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WALKERTON, IN, April 2, 2015 ( — A small-town Indiana pizzeria owned by a Christian family has closed its doors after being terrorized by pro-homosexual bullies opposed to the family’s religious values.

Memories Pizza in Walkerton has received death and firebombing threats and had its website hacked, according to

The attacks came after ABC-57 out of South Bend aired a piece March 31 highlighting the pizzeria owners’ support for Indiana’s hot-button Religious Freedom Restoration Act. The station claimed Memories Pizza, owned by Kevin O’Connor, was the “first business to publicly deny same-sex service.”

The owners specifically stated that anyone was welcome in the restaurant, but the story was set off by the fact that they said they would not cater a homosexual “wedding” because it would conflict with their Christian beliefs.

“I do not think [the bill’s] targeting gays. I don't think it's discrimination,” O’Connor’s daughter Crystal told ABC-57. “It's supposed to help people that have a religious belief.”

“If a gay couple was to come and they wanted us to bring pizzas to their wedding, we'd have to say no,” Crystal O’Connor said.

“That's a lifestyle that you choose. I choose to be heterosexual. They choose to be homosexual,” Kevin O’Connor said. “You can't beat me over the head with something they choose to be.”

Versions of the report were picked up by ABC News, CNN, and various other media outlets.

Huffington Post was among them, carrying the headline, Indiana's Memories Pizza Reportedly Becomes First Business To Reject Catering Gay Weddings.

Vehement backlash proceeded against the family.

In addition to threats on social media, pro-homosexual zealots flooded Yelp with more than 1,200 nasty reviews of the restaurant, according to Fox News.

Some posts included vulgar photos of mainly naked men, the New York Daily News said, with one post stating, “Can’t wait to read about your bankruptcy in the future.”

Memories Pizza was replaced on Google Maps, National Review reported, with “Gay Memories Pizza,” which has as its avatar “Gay Jesus.”

“I don't have a problem with gay people. I do not condone gay marriage, and that's what I said,” Kevin O’Connor told The Daily Beast as the controversy exploded. “I don't turn anybody away from the store, I don't have a problem with gay people. I just don't condone the marriage.”

“We’re not discriminating against anyone, that’s just our belief, and anyone has the right to believe in anything,” Crystal O'Connor said.

A man stood in front of the restaurant Wednesday with a hand-made sign that said “bigots,” according to the South Bend Tribune.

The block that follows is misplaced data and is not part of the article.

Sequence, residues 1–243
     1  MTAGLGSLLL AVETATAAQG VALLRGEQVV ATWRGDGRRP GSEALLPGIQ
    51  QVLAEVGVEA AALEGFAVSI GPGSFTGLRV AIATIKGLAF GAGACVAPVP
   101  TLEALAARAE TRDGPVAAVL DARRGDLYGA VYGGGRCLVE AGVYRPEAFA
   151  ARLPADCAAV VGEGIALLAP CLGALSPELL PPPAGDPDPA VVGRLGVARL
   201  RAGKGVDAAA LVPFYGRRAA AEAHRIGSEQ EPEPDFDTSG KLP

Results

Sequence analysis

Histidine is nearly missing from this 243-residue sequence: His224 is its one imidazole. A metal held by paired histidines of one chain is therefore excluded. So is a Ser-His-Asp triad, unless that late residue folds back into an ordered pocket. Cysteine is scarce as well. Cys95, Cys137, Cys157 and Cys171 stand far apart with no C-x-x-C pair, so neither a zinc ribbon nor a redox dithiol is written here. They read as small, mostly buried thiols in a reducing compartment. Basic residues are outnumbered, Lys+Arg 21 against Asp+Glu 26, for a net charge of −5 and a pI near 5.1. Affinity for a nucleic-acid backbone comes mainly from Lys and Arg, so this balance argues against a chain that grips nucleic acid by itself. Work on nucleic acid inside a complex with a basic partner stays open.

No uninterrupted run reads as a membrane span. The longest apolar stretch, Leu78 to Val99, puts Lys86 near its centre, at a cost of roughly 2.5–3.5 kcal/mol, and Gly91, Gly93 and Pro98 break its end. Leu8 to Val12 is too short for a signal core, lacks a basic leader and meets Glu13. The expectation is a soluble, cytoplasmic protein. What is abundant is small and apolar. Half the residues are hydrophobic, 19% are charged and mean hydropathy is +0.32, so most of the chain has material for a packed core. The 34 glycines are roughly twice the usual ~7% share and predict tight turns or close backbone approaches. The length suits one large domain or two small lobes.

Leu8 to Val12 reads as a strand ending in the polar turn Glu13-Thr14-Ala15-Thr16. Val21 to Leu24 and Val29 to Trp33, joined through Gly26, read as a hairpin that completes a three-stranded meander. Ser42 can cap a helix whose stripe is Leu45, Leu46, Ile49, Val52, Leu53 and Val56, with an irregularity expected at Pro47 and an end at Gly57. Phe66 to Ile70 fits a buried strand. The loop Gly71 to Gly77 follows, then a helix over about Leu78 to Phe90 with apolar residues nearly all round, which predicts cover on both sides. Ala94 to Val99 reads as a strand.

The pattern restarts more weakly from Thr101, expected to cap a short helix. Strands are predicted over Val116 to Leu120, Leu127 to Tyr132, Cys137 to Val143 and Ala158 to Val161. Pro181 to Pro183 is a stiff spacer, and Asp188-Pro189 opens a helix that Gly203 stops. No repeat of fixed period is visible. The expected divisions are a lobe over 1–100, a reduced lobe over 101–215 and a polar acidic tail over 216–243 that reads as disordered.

Also on Wednesday a local high school coach was suspended for threatening tweets she is reported to have made about Memories Pizza.

“Who's going to Walkerton, IN to burn down #memoriespizza w me?” the tweets from Jessica Dooley stated. “Agree with #FreedomofReligion bill? “That's a lifestyle they CHOOSE” Ignorant”

Dooley works with special education students at Concord High School and is a girls’ golf coach and an assistant softball coach. The Walkerton police department has said it investigated the incident and turned in a case to the county prosecutor “for possible charging of harassment, intimidation, and threats.”

The O’Connor family is considering leaving the state because of the attacks.

“I don’t know if we will reopen, or if we can,” Crystal O’Connor told TheBlaze. “We’re in hiding basically.”

“We’re very hurt and confused,” she said of the threats. “We stood up for what we believe, and the news just took it totally out of proportion. They lied about it.”

Some conservatives and Christians have cried foul on the vitriol toward Memories Pizza and much of the media handling of it.

Columnist Erick Erickson from Red State called out liberal Atlanta Journal Constitution columnist Jay Bookman for writing that the restaurant had closed due to “market forces” when death threats were at play.

The head of the Catholic League called the reactions against the O’Connors “cultural fascism.”

“It should be condemned by everyone,” Bill Donohue said in a statement. “Individuals have rights, and this includes the right not to be coerced into affirming causes, as opposed to servicing individuals that they find morally objectionable.”

The O’Connor family is without income in the meantime while this plays out.

A GoFundMe account set up for the O’Connors topped $205,000 in 21 hours with contributions from 7,229 people. 

Kevin O’Connor was bewildered by all the hatred.

“Because I don’t believe in something that they want, they see fit to be angry about it,” he said. “It’s really confusing to me. I’m just a little guy in a little tiny town. That’s where I’ve been my whole life. It’s just been ugly. I don’t know what to call it.”